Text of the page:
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Placenta. 2017 Sep;57:183-188. doi: 10.1016/j.placenta.2017.07.006. Epub 2017 Jul 8.

The association between placental histopathology and autism spectrum disorder.

Author information

1
Department of Public Health Sciences, Henry Ford Hospital, 1 Ford Place, Suite 3E, Detroit, MI 48202, USA. Electronic address: jstraug1@hfhs.org.
2
Department of Family Medicine and Public Health Sciences, Wayne State University, 6135 Woodward Avenue, Detroit, MI 48202, USA. Electronic address: dmisra@med.wayne.edu.
3
Department of Public Health Sciences, Henry Ford Hospital, 1 Ford Place, Suite 3E, Detroit, MI 48202, USA. Electronic address: gdivine1@hfhs.org.
4
Placental Modulation Laboratory, Institute for Basic Research in Developmental Disabilities, 1550 Forest Hill Road, Staten Island, NY 10314, USA. Electronic address: ruchit.shah27@gmail.com.
5
Placental Analytics LLC, 187 Overlook Circle, New Rochelle, NY 10804, USA. Electronic address: gaby15785@gmail.com.
6
Placental Analytics LLC, 187 Overlook Circle, New Rochelle, NY 10804, USA; Department of Women's, Gender, & Sexuality Studies & Bioethics, Emory University, 201 Dowman Drive, Atlanta, GA 30322, USA. Electronic address: samantha.vanhorn@emory.edu.
7
Department of Obstetrics and Gynecology, New York Presbyterian Brooklyn Methodist Hospital, 550 6th Street, Brooklyn, NY 11215, USA. Electronic address: vonbreyt@gmail.com.
8
Department of Pediatrics, New York Presbyterian Brooklyn Methodist Hospital, 550 6th Street, Brooklyn, NY 11215, USA. Electronic address: bdygulska@outlook.com.
9
Department of Pediatrics, New York Presbyterian Brooklyn Methodist Hospital, 550 6th Street, Brooklyn, NY 11215, USA. Electronic address: rebeccaschmitt427@gmail.com.
10
Department of Obstetrics and Gynecology, New York Presbyterian Brooklyn Methodist Hospital, 550 6th Street, Brooklyn, NY 11215, USA. Electronic address: sal9047@nyp.org.
11
Department of Pediatrics, New York Presbyterian Brooklyn Methodist Hospital, 550 6th Street, Brooklyn, NY 11215, USA. Electronic address: prn9001@nyp.org.
12
Placental Modulation Laboratory, Institute for Basic Research in Developmental Disabilities, 1550 Forest Hill Road, Staten Island, NY 10314, USA; Placental Analytics LLC, 187 Overlook Circle, New Rochelle, NY 10804, USA; Department of Obstetrics and Gynecology, New York Presbyterian Brooklyn Methodist Hospital, 550 6th Street, Brooklyn, NY 11215, USA; Department of Pediatrics, New York Presbyterian Brooklyn Methodist Hospital, 550 6th Street, Brooklyn, NY 11215, USA. Electronic address: carolyn.salafia@gmail.com.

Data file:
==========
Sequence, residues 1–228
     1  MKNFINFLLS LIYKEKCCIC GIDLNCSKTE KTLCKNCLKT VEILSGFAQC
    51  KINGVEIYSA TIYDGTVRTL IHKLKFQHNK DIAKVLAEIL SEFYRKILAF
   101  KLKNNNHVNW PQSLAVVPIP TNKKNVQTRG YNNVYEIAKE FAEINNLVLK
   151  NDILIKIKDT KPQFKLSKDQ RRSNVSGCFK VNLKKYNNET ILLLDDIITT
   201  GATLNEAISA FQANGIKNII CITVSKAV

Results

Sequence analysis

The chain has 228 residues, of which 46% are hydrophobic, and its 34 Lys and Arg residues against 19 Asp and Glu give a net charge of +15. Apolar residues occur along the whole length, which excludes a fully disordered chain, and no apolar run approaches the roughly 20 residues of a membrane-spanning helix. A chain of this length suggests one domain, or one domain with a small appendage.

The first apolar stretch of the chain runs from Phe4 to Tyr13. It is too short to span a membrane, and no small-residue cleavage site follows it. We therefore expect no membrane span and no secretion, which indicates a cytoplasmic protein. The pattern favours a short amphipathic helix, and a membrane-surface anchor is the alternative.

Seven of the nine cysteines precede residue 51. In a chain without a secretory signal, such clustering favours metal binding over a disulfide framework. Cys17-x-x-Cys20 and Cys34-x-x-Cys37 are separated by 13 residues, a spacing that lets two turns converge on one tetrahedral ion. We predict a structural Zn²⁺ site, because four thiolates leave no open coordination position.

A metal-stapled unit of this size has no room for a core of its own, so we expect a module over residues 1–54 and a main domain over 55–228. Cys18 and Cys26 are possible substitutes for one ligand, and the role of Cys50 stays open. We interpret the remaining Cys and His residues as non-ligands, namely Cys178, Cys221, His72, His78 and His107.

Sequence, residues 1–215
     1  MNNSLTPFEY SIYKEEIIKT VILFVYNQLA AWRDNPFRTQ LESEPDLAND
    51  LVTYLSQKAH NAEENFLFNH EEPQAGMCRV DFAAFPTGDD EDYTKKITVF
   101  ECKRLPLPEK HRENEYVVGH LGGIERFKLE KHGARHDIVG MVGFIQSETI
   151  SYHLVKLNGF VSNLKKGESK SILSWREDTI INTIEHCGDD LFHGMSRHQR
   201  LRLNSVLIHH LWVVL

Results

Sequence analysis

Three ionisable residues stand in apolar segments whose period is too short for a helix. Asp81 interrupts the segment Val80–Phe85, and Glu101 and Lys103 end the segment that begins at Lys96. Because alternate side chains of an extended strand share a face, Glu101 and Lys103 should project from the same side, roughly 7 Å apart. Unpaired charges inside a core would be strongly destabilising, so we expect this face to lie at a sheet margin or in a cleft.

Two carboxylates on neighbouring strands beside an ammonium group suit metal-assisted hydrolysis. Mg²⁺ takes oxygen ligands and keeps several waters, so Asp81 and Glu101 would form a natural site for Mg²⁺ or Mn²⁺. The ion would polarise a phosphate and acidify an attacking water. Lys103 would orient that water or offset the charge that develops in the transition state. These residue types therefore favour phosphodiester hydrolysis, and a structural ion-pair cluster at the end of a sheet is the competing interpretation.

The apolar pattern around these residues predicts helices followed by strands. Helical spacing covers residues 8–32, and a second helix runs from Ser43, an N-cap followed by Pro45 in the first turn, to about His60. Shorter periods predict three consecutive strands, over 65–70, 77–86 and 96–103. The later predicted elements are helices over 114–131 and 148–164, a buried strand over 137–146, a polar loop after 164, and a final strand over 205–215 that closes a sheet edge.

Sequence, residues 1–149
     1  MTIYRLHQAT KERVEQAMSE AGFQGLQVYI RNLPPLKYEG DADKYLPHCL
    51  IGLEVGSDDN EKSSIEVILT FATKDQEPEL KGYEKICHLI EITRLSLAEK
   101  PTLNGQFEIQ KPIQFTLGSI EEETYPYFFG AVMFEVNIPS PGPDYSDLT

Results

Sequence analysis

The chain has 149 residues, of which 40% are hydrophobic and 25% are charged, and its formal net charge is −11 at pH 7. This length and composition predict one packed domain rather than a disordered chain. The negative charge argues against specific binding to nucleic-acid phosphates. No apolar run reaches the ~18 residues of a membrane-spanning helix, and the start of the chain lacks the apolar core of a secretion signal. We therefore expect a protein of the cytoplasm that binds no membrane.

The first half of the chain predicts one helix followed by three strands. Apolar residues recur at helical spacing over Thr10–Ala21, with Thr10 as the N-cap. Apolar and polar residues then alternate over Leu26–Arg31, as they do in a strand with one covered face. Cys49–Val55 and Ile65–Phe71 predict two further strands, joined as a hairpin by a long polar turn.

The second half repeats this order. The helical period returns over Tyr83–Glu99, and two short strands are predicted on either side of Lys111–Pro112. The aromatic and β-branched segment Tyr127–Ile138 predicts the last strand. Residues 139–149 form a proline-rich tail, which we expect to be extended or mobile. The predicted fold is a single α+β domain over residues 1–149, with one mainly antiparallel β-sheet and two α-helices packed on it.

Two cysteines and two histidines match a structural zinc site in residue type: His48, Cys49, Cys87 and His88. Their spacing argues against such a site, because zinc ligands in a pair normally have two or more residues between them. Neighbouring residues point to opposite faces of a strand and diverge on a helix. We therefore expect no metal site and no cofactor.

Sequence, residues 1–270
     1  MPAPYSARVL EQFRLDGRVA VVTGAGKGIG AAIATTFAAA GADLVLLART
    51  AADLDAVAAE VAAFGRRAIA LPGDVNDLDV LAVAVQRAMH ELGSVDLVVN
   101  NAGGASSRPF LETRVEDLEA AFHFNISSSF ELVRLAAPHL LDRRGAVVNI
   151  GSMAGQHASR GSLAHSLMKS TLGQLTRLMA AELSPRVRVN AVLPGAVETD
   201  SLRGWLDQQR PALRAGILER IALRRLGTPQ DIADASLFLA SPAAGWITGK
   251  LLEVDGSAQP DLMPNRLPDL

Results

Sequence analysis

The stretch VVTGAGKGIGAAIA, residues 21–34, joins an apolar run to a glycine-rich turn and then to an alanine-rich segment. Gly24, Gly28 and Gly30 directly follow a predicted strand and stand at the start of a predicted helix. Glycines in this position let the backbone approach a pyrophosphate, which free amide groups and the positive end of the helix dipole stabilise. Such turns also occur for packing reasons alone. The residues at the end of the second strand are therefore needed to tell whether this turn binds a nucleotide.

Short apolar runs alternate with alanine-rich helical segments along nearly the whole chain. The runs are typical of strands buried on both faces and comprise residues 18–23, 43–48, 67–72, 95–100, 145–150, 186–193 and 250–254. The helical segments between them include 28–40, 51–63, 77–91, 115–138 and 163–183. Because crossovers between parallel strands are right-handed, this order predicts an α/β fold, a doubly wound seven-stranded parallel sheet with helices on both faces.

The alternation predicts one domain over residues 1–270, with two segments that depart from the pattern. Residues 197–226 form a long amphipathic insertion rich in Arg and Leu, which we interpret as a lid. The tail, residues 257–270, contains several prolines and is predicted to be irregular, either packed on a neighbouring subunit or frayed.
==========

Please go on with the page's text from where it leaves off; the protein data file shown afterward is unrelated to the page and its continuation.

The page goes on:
Abstract

INTRODUCTION:

Research suggests that autism spectrum disorder (ASD) has its origins in utero. This study examines the association between evidence of placental histopathology and ASD.

METHODS:

Administrative claims data and medical records data were used to identify ASD cases (N = 55) and matched controls (N = 199) born at New York Methodist Hospital between 2007 and 2014 and subsequently seen in affiliated pediatrics clinics. Placentas from all births during this time period were reviewed as part of routine care. Data were analyzed using conditional logistic regression to account for the matched (gender, gestational age, and birth weight) design.

RESULTS:

Acute placental inflammation, regardless of type was associated with an increased risk of ASD (odds ratio [OR] = 3.14, 95% CI = 1.39, 6.95). Chronic uteroplacental vasculitis (OR = 7.13; 95% CI = 1.17, 43.38), the fetal inflammatory response in the chorionic plate vessels (OR = 5.12; 95% CI = 2.02, 12.96), and maternal vascular malperfusion pathology (OR = 12.29; 95% CI = 1.37, 110.69) were associated with an increased risk of ASD. Placental villous edema was associated with a decreased risk of ASD (OR = 0.05; 95% CI = 0.0005, 0.42). In subanalyses among male placentas acute inflammation overall, fetal inflammatory response in the chorionic plate vessels, and maternal vascular malperfusion pathology remained significantly associated with an increased risk of ASD whereas placental villous edema remained associated with a decreased risk of ASD.

DISCUSSION:

Histologic evidence of placental inflammation and maternal vascular malperfusion pathology are associated with ASD.

KEYWORDS:

Acute inflammation; Autism spectrum disorder; Chronic inflammation; Maternal vascular malperfusion pathology; Placental villous edema

PMID:
28864010
DOI:
10.1016/j.placenta.2017.07.006
[Indexed for MEDLINE]

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